GLOBAL: Becoming a successful global brand requires an understanding of local cultures, lifestyles and ideologies, according to two industry figures.

In a WARC Best Practice paper, How global brands resonate across cultures, Sue Mizera and Alessandra Cotugno, senior executives at Young & Rubicam, observe that the standardisation of brand name, logo, image, packaging and brand positioning simply enables brand recognition in multiple markets.

But to be truly successful, they argue, brands need to adapt their communications to reflect local values and culture – no easy task in a "global brand-scape [that] is a minefield of complexity, diversity and cultural nuances".

For example, there are regional skews in how people relate to global and local brands. In the East, global brands are seen as daring, high quality and trendy, while local brands are seen as reliable, popular and down to earth.

By contrast, global brands in the West are seen as distinctive, leaders, high performance and unique while local brands are seen as best brands, trustworthy, straightforward and obliging. "Not one attribute overlaps," the authors note.

Further, different brand values emerge as more important in different countries: Germans like the notion of directness, for example, while Indonesians prefer kindness and South Koreans favour energetic brands.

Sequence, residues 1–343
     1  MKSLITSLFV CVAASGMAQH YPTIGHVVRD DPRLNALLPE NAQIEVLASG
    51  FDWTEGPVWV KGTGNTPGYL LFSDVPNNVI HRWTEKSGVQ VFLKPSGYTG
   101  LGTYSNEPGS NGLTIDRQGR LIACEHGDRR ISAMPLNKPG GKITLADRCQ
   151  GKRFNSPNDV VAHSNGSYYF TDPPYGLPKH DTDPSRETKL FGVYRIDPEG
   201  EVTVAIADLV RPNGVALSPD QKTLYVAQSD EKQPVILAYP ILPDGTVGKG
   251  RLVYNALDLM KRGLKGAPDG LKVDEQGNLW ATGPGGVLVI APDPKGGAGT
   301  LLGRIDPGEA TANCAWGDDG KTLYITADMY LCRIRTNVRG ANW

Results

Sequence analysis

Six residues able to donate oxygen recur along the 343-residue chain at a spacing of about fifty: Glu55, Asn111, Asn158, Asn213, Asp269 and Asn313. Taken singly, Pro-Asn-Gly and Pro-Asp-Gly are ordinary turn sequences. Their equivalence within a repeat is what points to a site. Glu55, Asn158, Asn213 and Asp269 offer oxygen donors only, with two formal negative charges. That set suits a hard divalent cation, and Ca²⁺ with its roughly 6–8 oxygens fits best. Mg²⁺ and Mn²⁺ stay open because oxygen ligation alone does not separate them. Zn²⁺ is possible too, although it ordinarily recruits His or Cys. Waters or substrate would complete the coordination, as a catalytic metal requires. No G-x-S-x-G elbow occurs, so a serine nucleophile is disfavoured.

Global brands "immerse themselves not just in the language and habits of a culture but in its value system, vernacular, idioms, humour, customs, beliefs and philosophies," say Mizera and Cotugno, holding up IKEA as an example of a "masterful" practitioner of these arts.

Such brands connect to the lifestyle and, bringing "an outsider's caring and concerned perspective", they solve local cultural problems.

They are able to present alternative views, take a stand and stimulate debate – witness the award-winning Share the Load campaign in India for Procter & Gamble's Ariel laundry detergent which not only challenged hierarchies of gender and status but doubled sales volumes.

A common feature of the most successful global brands, such as Disney, McDonald's and Coca-Cola, the authors observe, is that they "are masters at re-engineering their brands, culture to culture, while never, ever losing their souls".

As well as exploring what global brands do, Mizera and Cotugno examine how they do it – by re-aligning their marketing to put global even more in the service of local.

"It's vital to dial up and dial down, from central creation to local adaptation and back to central for revisions, thus delivering the brand's DNA, appropriately nuanced, and fostering new ways of working," they say.

Data sourced from WARC